Ultimately, the responsibility for selecting more secure hardware configurations or learning and applying Microsoft guidance and tools still rests on the shoulders of the corporate IT staff. But with the information available, there’s no reason companies can’t create secure networks and maintain them. The bottom line for most corporations is whether the cost to maintain the security is greater than the cost to cure a breach. With Microsoft and its hardware OEMs focused on reducing those security maintenance costs, companies will be able to provide more secure networks for a much lower cost.
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Requirement true but direction dangerous
Security always has been, and should remain, the responsibility of the user organisation yes the hardware and general software manufacturers have a responsibility to see that new products do NOT have known security holes in-built, but it should not be their responsibility to make the security policyor force security issues on clients. Companies that write sepcific security software have a legitimate reason to have their software extra secure etc.
All the large organisations (corporate and govt) that i have worked with in the past have always blown away the installed operating system. Yes they buy machines with an OS so that they have evidence of valid licences for them, but then they replace them with a ghost image built to specific corporate requirements that includes all the security patches, network settings etc that they want. They find it quicker to have one corporate image oaded on all the machines than having to set up the newtork and intranet settings on each. One tech can load up as many machines as he has ghost imaged drives etc for.
I have seen a corporate environment where no effort was made to upgrade the security of the desktop machines because they put a lot of effort into their gateway. Sure anything that made it inside could cause havoc, but getting it in was the difficulty. All machines were set to automatically update virus definitions daily (from a corporate server updated hourly), and to scan any floppy or cd file or downloaded content prior to opening. On top of this the gateway was set up with a proxy server anc cache flow box arrangement whereby all Intranet traffic was opened on a special box in the gateway and checked before be sent on to the user, same occurred with all the mail.
The system automatically deleted any file. mail, or attachment that it could not clear as perfectly harmless. yes some non-dangerous stuff got killed off. People sending stuff were always advised to use a set of specific formats. Anything special or outside the normal process could be brought in through the gateway administrators, they would getting onto a special machine within the DMZ and check it out then send it on if OK.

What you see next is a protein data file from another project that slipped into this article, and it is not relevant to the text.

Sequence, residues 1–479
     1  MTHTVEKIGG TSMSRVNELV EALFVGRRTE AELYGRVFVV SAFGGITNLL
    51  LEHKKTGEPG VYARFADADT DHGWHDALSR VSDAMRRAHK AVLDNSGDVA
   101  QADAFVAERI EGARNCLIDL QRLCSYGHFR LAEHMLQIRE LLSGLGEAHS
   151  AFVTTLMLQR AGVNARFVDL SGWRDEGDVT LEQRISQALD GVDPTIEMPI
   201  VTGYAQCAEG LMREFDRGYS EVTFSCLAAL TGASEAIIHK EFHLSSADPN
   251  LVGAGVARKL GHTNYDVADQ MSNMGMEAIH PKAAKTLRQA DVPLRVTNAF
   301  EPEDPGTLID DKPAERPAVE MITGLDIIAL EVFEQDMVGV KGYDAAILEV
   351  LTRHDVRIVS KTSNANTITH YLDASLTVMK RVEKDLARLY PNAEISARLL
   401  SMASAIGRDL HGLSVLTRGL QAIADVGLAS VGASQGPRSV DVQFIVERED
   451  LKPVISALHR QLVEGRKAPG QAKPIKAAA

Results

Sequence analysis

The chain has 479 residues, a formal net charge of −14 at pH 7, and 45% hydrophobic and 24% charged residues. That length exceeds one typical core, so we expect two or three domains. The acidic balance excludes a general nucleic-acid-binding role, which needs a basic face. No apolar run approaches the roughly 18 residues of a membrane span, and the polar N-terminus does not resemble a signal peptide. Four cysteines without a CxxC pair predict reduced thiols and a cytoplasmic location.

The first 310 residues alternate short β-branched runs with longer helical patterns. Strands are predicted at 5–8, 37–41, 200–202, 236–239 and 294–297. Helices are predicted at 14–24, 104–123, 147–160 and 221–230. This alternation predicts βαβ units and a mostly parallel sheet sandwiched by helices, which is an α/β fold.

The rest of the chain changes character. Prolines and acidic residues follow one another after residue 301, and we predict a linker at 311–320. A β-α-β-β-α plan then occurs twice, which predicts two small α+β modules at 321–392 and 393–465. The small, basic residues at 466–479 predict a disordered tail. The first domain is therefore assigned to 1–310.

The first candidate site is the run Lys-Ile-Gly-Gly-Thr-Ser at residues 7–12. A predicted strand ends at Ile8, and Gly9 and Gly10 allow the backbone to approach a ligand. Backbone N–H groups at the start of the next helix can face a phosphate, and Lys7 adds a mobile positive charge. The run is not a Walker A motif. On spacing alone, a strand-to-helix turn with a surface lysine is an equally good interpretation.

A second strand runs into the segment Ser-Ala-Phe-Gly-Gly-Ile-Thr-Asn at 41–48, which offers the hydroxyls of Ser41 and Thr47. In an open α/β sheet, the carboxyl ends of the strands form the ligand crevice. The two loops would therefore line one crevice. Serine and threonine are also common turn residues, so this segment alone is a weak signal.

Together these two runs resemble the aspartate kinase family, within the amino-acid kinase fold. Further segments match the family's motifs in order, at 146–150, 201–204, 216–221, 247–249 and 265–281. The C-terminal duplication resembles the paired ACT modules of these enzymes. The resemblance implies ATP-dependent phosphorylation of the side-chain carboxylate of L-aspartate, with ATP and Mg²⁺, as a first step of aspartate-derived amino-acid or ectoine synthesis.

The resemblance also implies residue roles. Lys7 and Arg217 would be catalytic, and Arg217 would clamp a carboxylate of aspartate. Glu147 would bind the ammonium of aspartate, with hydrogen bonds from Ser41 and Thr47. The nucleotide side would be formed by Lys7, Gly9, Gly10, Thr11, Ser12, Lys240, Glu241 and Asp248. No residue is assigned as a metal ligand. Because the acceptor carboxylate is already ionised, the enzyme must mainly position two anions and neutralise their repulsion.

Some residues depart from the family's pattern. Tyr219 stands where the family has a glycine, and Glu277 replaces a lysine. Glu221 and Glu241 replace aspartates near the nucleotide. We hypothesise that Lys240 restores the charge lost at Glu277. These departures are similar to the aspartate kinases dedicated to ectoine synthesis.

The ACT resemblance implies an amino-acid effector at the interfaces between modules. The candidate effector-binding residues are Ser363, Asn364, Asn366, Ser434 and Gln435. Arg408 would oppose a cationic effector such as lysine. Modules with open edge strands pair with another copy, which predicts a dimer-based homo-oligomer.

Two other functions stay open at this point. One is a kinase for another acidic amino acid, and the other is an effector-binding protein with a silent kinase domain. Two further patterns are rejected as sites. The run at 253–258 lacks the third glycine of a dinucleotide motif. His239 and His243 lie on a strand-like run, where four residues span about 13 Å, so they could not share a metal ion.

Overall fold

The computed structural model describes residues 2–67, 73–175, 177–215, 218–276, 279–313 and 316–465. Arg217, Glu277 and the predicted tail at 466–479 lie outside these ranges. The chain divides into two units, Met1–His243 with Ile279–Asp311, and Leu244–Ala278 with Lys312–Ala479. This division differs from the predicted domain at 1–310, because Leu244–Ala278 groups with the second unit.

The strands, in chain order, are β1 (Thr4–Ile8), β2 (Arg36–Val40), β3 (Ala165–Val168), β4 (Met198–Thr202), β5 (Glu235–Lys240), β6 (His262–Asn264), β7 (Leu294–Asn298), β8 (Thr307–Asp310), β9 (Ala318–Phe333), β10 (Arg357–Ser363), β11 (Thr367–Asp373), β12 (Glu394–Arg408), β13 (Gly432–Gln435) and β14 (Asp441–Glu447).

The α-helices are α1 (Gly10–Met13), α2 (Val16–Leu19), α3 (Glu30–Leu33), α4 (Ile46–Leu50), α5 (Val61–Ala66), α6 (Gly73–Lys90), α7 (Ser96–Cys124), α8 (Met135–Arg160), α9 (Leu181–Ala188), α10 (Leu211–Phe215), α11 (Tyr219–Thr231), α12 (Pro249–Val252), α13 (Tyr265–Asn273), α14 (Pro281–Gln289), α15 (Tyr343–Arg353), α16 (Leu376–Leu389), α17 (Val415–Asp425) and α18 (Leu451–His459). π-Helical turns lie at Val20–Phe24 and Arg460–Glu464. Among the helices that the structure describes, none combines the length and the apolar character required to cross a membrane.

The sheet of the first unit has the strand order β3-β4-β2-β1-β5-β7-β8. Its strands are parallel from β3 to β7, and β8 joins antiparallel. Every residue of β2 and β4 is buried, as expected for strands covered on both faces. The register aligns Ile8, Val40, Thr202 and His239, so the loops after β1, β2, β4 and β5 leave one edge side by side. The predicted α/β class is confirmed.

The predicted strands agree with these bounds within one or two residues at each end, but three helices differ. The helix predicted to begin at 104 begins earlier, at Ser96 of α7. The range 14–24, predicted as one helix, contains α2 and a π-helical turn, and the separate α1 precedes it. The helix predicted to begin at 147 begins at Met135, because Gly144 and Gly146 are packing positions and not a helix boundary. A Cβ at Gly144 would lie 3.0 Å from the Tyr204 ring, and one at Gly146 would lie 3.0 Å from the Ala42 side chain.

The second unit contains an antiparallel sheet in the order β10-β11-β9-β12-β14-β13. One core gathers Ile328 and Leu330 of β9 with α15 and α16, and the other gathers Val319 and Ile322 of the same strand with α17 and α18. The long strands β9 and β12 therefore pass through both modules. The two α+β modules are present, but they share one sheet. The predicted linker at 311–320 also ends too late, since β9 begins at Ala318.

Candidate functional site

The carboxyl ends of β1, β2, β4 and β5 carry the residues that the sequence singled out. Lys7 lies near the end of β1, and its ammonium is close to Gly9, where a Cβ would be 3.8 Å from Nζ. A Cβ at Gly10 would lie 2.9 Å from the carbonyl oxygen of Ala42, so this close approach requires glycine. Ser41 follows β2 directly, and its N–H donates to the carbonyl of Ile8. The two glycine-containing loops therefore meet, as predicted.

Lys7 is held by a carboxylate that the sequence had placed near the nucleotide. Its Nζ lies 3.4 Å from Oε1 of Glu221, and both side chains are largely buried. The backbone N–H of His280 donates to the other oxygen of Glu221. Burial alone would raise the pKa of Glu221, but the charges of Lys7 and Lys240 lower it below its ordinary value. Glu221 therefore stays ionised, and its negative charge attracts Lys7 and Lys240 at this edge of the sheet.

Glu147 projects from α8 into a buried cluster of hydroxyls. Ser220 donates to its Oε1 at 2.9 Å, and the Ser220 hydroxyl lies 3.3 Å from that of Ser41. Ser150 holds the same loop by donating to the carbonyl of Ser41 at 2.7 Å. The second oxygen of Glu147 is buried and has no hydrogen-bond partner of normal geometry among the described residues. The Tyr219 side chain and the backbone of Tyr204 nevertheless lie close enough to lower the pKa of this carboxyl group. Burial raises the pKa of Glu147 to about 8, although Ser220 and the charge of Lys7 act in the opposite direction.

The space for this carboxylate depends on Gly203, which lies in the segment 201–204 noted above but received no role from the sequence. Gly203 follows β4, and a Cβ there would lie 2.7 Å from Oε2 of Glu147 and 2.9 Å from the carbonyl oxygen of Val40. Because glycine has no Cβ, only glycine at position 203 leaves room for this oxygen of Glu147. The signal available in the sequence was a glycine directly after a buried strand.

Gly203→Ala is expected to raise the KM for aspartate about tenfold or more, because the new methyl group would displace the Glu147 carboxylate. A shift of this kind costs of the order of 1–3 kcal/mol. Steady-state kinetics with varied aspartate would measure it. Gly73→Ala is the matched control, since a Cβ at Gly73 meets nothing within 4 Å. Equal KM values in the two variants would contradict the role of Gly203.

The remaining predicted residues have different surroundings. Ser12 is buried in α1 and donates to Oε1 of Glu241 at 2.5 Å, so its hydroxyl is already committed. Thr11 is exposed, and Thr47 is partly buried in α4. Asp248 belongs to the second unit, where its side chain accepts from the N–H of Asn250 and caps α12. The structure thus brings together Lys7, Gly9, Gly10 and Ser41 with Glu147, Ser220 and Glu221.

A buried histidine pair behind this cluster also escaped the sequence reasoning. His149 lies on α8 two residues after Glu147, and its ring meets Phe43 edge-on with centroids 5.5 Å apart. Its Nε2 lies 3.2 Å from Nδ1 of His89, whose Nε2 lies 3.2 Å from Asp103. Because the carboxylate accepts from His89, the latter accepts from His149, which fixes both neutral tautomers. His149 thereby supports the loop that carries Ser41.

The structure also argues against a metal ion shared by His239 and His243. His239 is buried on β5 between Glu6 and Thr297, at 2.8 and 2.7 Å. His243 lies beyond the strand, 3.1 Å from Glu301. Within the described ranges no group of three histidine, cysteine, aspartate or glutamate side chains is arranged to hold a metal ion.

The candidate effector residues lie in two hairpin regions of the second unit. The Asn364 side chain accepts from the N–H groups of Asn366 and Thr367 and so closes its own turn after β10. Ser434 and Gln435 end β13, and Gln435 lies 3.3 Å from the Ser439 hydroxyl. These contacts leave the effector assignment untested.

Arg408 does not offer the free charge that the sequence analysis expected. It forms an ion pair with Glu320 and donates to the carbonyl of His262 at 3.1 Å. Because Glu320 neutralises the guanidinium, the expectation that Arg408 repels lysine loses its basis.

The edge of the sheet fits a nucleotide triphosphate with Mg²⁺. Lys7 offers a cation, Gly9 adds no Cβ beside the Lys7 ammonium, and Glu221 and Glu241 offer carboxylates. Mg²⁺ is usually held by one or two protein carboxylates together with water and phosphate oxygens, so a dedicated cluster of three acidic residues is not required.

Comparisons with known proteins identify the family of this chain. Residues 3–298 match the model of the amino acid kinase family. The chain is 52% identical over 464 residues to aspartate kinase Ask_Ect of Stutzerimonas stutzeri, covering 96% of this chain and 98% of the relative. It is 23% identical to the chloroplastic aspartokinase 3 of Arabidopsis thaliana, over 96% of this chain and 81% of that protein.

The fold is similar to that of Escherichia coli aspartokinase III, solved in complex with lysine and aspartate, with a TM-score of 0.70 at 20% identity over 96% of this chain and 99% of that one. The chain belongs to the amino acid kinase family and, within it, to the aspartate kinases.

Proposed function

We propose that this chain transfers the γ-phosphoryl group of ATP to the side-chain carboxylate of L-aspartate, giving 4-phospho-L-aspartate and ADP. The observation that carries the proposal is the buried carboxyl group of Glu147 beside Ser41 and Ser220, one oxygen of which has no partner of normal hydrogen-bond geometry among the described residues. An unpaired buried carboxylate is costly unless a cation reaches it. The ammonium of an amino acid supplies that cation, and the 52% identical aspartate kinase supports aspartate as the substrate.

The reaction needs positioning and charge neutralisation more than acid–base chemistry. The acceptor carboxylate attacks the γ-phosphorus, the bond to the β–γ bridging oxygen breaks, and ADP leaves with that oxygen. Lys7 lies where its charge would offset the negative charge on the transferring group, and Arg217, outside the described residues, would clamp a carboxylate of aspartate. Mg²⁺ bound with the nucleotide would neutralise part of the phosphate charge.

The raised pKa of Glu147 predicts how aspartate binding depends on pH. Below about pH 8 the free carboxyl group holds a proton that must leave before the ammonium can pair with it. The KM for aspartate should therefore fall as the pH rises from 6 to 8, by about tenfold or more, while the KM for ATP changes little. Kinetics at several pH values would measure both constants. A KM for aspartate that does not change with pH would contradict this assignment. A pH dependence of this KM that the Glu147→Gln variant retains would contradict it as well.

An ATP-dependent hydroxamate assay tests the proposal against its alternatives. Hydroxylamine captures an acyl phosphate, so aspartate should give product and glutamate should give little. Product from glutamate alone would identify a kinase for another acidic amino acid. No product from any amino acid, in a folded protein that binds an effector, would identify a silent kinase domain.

There corporate policy was that there was no way they could really police their staff and any staff intent on doing damage could do it regardless of the security. Thus they set up the desktops with a reasonable level of security and placed their major effort into policing the perimeter. They have had the gateway shutdown a few times due to being hit with a new virus, but nothing has reached the network since they set this up 4 years ago.
Good corporate policy and planning as part of their business planning strategy. The hadrware and software manufactures had no specific involvement, appart from some specific security based apps and devices for the gateway.
You can have the most secure network and the most secure application and the most secure OS... but without training staff - guess what it is all wasted capital ...
Phone call - "I am with network security we are testing a new application, could you give me your user id and password. I wish to attempt accessing this new service while you are online."
Bingo - hacker has made it into the system...
Who's responsible - everyone - Security isn't a technical solution - it is more - human - technical - training -
Where security belongs is with the business requirements of a company or organizations. Business objectives drive the business requirements, and one of these should be security. It needs to have sufficient definition to be measurable and achievable and a direct link to the business objectives being supported.
This now enables security to become an aspect of the technical objectives. Not the only aspect, not a bolt on, but an integrated business requirement linked to the technical objectives.
The technical objectives drive the technical requirements - physical, logical, and component design. Here the specific requirements of the security business requirements can be addressed in hardware, software, or external design.
An advantage to this approachis that a change in the business requirement such as a new legal security mandate is easily mapped through to the specific hardware, software, protocols, and topology of the IT systems.